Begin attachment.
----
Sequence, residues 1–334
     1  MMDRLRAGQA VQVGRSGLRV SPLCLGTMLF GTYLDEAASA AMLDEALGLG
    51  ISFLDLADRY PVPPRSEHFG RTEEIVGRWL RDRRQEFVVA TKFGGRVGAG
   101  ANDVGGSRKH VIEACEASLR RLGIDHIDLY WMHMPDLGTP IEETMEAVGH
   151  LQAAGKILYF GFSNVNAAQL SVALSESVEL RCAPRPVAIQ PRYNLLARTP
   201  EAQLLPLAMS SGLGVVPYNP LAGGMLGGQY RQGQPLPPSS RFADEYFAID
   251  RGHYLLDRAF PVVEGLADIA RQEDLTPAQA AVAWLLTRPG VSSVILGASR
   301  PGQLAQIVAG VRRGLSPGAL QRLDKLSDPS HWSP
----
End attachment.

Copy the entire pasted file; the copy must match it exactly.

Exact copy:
Sequence, residues 1–334
     1  MMDRLRAGQA VQVGRSGLRV SPLCLGTMLF GTYLDEAASA AMLDEALGLG
    51  ISFLDLADRY PVPPRSEHFG RTEEIVGRWL RDRRQEFVVA TKFGGRVGAG
   101  ANDVGGSRKH VIEACEASLR RLGIDHIDLY WMHMPDLGTP IEETMEAVGH
   151  LQAAGKILYF GFSNVNAAQL SVALSESVEL RCAPRPVAIQ PRYNLLARTP
   201  EAQLLPLAMS SGLGVVPYNP LAGGMLGGQY RQGQPLPPSS RFADEYFAID
   251  RGHYLLDRAF PVVEGLADIA RQEDLTPAQA AVAWLLTRPG VSSVILGASR
   301  PGQLAQIVAG VRRGLSPGAL QRLDKLSDPS HWSP